The auditory ossicles are the malleus (hammer), the incus (anvil), and stapes (stirrup). These are small bones in the middle ear. How small are these auditory ossicles? One source says they are no bigger than an orange seed.
What these little bones do is form a chain that connects the eardrum to the inner ear, where the cochlea is. The first one in the chain is the malleus, the next one is the incus, and the last one is the stapes. The chain has a job to do: When the eardrum vibrates from sound input, it makes the auditory ossicles vibrate too. The vibrations move through the chain and the stapes transmits the sound through the oval window (an opening covered by a membrane) and into the fluid of the cochlea. Then the rest of the hearing mechanism takes over.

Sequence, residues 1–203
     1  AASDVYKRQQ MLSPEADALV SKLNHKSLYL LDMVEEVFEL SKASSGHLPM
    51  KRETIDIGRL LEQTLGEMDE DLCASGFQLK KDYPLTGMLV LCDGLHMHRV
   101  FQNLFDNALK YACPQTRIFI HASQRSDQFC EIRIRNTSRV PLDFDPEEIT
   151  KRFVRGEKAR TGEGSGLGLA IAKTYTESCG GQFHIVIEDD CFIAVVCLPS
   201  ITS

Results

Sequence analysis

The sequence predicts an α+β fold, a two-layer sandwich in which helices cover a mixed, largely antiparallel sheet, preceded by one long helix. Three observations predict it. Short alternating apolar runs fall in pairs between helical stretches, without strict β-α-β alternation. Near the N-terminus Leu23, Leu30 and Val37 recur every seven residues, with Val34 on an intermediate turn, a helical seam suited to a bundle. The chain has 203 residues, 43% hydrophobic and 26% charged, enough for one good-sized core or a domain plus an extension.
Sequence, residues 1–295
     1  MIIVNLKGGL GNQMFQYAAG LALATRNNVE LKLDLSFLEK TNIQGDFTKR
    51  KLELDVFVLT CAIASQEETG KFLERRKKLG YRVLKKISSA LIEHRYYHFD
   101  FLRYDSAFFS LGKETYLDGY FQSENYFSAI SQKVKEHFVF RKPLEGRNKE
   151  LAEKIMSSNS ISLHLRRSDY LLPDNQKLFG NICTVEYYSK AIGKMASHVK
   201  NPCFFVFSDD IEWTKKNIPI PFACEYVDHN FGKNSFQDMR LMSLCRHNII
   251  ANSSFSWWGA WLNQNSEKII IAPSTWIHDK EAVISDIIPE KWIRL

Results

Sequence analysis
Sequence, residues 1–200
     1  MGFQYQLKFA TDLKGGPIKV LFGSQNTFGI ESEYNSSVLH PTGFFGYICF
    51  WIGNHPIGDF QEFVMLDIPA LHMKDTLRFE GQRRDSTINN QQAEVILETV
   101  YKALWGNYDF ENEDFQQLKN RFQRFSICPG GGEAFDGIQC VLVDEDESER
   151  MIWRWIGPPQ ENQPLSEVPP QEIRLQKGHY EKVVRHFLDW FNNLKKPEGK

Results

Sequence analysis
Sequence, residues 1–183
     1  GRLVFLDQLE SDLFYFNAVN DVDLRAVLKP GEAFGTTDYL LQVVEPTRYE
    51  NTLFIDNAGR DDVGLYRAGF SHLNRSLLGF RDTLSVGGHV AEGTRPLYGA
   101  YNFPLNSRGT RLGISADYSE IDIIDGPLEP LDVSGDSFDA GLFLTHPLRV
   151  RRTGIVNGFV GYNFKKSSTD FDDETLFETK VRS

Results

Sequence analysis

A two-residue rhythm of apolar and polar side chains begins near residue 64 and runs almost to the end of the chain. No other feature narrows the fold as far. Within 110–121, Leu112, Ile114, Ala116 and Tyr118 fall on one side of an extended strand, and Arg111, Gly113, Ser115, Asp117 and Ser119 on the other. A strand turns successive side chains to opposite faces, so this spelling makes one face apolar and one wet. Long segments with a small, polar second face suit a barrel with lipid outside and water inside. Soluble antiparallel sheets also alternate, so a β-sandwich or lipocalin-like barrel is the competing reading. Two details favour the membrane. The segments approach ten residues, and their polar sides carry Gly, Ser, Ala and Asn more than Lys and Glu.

Some diseases impact the auditory ossicles and affect a person's ability to hear. One of these is otosclerosis, a disease in which bone growth prevents the ossicles from being able to do their job. That can result in hearing loss.
How We Hear. American Speech-Language-Hearing Association. http://www.asha.org/public/hearing/How-We-Hear/. Accessed May 2011.
I Love What I Hear. National Institute on Deafness and Other Communication Disorders. http://www.nidcd.nih.gov/health/education/teachers/hearing.html. Accessed May 2011.